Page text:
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Vision for Art (VISART) Workshop for interdisciplinary work in Computer Vision and Digital Humanities

Lucy Stagg26 April 2022

The VISion for Art (VISART) workshop is an interdisciplinary workshop held with the European Conference on Computer Vision (ECCV) on a bi-annual basis. The workshop is now on its 6th edition and has had great success over ten years since starting in Florence (2012), with the 2022 edition in Tel Aviv, Israel. The success has led to VISART becoming a staple venue for Computer Vision and Digital Art History & Humanities researchers alike. With the workshop’s ambition to bring the disciplines closer and provide a venue for interdisciplinary communication, it has, since 2018, provided two tracks for both the technological development and the reflection of computer vision techniques applied to the arts. The two tracks are:

1. Computer Vision for Art – technical work (standard ECCV submission, 14 pages excluding references)
2. Uses and Reflection of Computer Vision for Art (Extended abstract, 4 pages, excluding references)

Full details are available at the workshop website: https://visarts.eu

Keynotes

In addition to the technical works presented it regularly attracts names that bridge the disciplines including (but not limited to):

Keynote speakers from across the years of VISART, images from 2022 public institutional profiles and current affiliation logos.

Keynote speakers from across the years of VISART, images from 2022 public institutional profiles and current affiliation logos.

The inclusion of such a varied collection of Keynote speakers has provided a fruitful discussion on the use of technology to investigate visual content. From its style and perception (Aaron Hertzmann, Adobe) to how is the “hard humanities” field of computer image analysis of art changing our understanding of paintings and drawings (David G. Stork).

VISART VI Keynotes

The VISART VI (2022) workshop continues this tradition of high profile keynotes. It will add Prof Béatrice Joyeux-Prunel of the University of Geneva and Prof Ohad Ben-Shahar of Ben Gurion University to this list and the return of Prof John Collomosse of the University of Surrey.

VISART VI Keynotes

VISART VI Keynotes

Prof Béatrice Joyeux-Prunel

Béatrice Joyeux-Prunel is Full Professor at the University of Geneva in Switzerland (Faculté de Lettres – School of Humanities), chair of Digital Humanities. From 2007 to 2019 she was Associate Professor (maître de conférences) in modern and contemporary art at the École normale supérieure in Paris, France (ENS, PSL). She is a former student of ENS (Alumni 1996, Social Sciences and Humanities), and got an Agrégation in History and Geography in 1999. She defended her PhD in 2005 at the université Paris I Panthéon Sorbonne and her Habilitation at Sciences Po Paris in 2015. Joyeux-Prunel’s research encompasses the history of visual globalisation, the global history of the avant-gardes, the digital technologies in contemporary art, and the digital turn in the Humanities. Since 2009 she has founded and managed the Artl@s project on modern and contemporary art globalisation ([https://artlas.huma-num.fr](https://artlas.huma-num.fr/)) and she coedits the open access journal Artlas Bulletin. In 2016 she founded Postdigital ([www.postdigital.ens.fr](https://visarts.eu/www.postdigital.ens.fr)), a research project on digital cultures and imagination. Since 2019 she has led the European Jean Monnet Excellence Center IMAGO, an international center for the study and teaching on visual globalisation. At Geneva university she directs the SNF Project Visual Contagions ([https://visualcontagions.unige.ch](https://visualcontagions.unige.ch/)), a 4 years research project on images in globalisation, which uses computer vision techniques to trace the global circulation of images in printed material over the 20th century.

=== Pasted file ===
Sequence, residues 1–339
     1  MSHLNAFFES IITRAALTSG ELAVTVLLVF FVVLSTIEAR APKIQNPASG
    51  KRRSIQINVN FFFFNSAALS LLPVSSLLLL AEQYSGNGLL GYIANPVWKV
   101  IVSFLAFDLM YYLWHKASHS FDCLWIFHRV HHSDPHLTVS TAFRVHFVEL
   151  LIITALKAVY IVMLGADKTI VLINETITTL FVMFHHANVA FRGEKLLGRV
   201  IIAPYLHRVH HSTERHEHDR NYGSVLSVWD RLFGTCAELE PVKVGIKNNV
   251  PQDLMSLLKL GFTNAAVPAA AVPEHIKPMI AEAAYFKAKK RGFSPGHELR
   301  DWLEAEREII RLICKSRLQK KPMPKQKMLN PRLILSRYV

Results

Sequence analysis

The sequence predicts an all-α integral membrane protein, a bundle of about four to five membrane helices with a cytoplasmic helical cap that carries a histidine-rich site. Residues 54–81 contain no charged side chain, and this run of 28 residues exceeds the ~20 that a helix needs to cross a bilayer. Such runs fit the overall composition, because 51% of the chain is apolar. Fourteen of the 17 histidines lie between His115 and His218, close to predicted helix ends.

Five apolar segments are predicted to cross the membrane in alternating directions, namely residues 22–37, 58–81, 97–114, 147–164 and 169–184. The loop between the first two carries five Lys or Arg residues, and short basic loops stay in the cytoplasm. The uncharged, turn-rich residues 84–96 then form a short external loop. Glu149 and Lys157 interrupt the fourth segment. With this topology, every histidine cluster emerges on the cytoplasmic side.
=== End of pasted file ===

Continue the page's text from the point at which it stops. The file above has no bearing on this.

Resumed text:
Prof John Collomosse

John Collomosse is a Principal Scientist at Adobe Research where he leads the deep learning group. John’s research focuses on representation learning for creative visual search (e.g. sketch, style, pose based search) and for robust image fingerprinting and attribution. He is a part-time full professor at the Centre for Vision Speech and Signal Processing, University of Surrey (UK) where he founded and co-directs the DECaDE multi-disciplinary research centre exploring the intersection of AI and Distributed Ledger Technology. John is part of the Adobe-led content authenticity initiative (CAI) and contributor to the technical work group of the C2PA open standard for digital provenance. He is on the ICT and Digital Economy advisory boards for the UK Science Council EPSRC.

Prof. Ohad Ben-Shahar

Ohad Ben-Shahar is a Professor of Computer Science at the Computer Science department, Ben Gurion University (BGU), Israel. He received his [B.Sc](http://b.sc/). and [M.Sc](http://m.sc/). in Computer Science from the Technicon (Israel Institute of Technology) in 1989 and 1996, respectively, and his M.Phill and PhD From Yale University, CT, USA in 1999 and 2003, respectively. He is a former chair of the Computer Science department and the present head of the School of Brain Sciences and Cognition at BGU. Prof Ben-Shahar’s research area focuses on computational vision, with interests that span all aspects of theoretical, experimental, and applied vision sciences and their relationship to cognitive science as a whole. He is the founding director of the interdisciplinary Computational Vision Laboratory (iCVL), where research involves theoretical computational vision, human perception and visual psychophysics, visual computational neuroscience, animal vision, applied computer vision, and (often biologically inspired) robot vision. He is a principle investigator in numerous research activities, from basic research animal vision projects through applied computer vision, data sciences, and robotics consortia, many of them funded by agencies such as the ISF, NSF, DFG, the National Institute for Psychobiology, The Israeli Innovation Authority, and European frameworks such as FP7 and Horizon 2020.